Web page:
Over the past six months, a group of hackers has managed to break into more than 7,000 Magento-based online shops and infected them with malicious code that steals payment card information from customers.
“The group has turned 7,339 individual stores into zombie money machines, to the benefit of their illustrious masters,” de Groot said in a blog post. “The average recovery time is a few weeks, but at least 1,450 stores have hosted the MagentoCore.net parasite during the full past 6 months.”
According to the researcher’s own scans, the group has managed to compromise an average of 50 to 60 new stores per day over the past two weeks and primarily uses brute-force password guessing attacks that can sometimes go on for months.
Administrative accounts with weak or reused passwords that have been compromised in other breaches are a particularly big security risk for websites. In fact, once the MagentoCore malware is installed on a website it will periodically change the passwords for a number of predefined admin usernames to a hardcoded value. This will allow hackers to break in again if the malware gets cleaned, but admin passwords haven’t been reset.
The malware also has another recovery mechanism in the form of a backdoor installed in the site’s cron.php, a scheduled task mechanism. This backdoor redownloads and executes an infection script periodically and, as part of the infection chain, MagentoCore searches for and removes other malicious code from competing cybercriminal groups.
Administrators can check if their sites have been infected with MagentoCore by using the open source Magento Malware Scanner that was developed by de Groot and is also recommended by the Magento security team.
According to the researcher, if an infection is found, admins should determine how attackers gained unauthorized access in the first place by analyzing backend access logs and correlating them with the IP addresses and working hours of the site’s staff. Once the infection vectors have been identified, they should all be closed at the same time.
The site should then be cleaned, preferably by restoring it from a clean copy, and basic security policies such as regular patching and strong password requirements should be implemented.
MagentoCore’s victim list “contains multi-million dollar, publicly traded companies, which suggests the malware operators make a handsome profit,” de Groot said. “But the real victims are eventually the customers, who have their card and identity stolen.”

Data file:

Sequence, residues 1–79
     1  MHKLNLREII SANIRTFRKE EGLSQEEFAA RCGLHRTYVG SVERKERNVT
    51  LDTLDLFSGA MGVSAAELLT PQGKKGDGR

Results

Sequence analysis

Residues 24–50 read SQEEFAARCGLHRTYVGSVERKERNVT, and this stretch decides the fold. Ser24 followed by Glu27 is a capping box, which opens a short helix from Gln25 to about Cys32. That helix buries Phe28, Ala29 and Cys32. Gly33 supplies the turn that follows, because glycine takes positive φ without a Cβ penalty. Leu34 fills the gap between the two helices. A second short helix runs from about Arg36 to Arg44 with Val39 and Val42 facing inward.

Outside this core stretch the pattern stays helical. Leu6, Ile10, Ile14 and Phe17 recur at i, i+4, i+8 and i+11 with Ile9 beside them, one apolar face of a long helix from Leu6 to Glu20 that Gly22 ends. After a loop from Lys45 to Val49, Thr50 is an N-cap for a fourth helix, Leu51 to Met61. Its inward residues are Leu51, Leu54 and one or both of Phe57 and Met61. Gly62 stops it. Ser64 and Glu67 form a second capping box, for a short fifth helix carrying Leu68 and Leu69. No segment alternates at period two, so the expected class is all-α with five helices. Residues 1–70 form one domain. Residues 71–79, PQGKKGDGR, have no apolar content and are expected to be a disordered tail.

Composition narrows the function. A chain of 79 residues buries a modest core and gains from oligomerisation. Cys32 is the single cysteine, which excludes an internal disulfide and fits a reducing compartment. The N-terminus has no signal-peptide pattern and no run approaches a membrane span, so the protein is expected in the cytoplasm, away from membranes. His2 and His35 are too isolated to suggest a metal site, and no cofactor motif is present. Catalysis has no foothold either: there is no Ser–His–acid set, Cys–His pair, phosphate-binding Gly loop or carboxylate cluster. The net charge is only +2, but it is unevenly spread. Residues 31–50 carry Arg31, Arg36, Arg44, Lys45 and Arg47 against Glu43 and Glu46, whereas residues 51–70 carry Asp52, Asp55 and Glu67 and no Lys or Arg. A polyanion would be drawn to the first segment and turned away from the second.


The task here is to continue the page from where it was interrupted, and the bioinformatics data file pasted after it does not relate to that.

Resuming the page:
Cryptominers Among Top 3 Malware Types Downloaded by Botnets
Cryptominers have overtaken ransomware in terms of popularity among cybercriminal groups and are now the third most common type of malware downloaded by botnets.
Botnets are built to be very versatile because their creators use them to offer paid services to other cybercriminals. In addition to sending spam emails and launching DDoS attacks, botnets often are used to infect computers with additional malware programs as part of pay-per-install schemes.
Over the past year, researchers from Kaspersky Lab have tracked file download commands received by around 150 botnet families from 60,000 command-and-control centers and determined that botnets downloaded more than 30,000 unique malicious files.
The researchers cataloged those files by malware type and set out to observe differences in download trends between the last half of 2017 and the first half of this year. Among the most striking one was a spike in the distribution of cryptocurrency mining programs, which rose to 4.6 percent in H1 2018 from 2.9 percent in H2 2017.
Among the top three malware downloading botnets, cryptominers were the third-most downloaded type of malware after backdoors/RATs and Trojans. The backdoor Njrat was actually the most commonly downloaded unique piece of malware during H1 2018, rising from third place in H2 2017.
This is not unexpected, since Njrat comes in a variety of versions, is easy to obtain and can be easily set up, meaning it has a low entry threshold for cybercriminals.
“Backdoors consistently make up the bulk of downloads; that is, botnet operators are keen to gain maximum possible control over infected devices,” the Kaspersky researchers said in its report. Meanwhile, the share of miners in bot-distributed files is also increasing, “as cybercriminals have begun to view botnets as a tool for mining cryptocurrency.”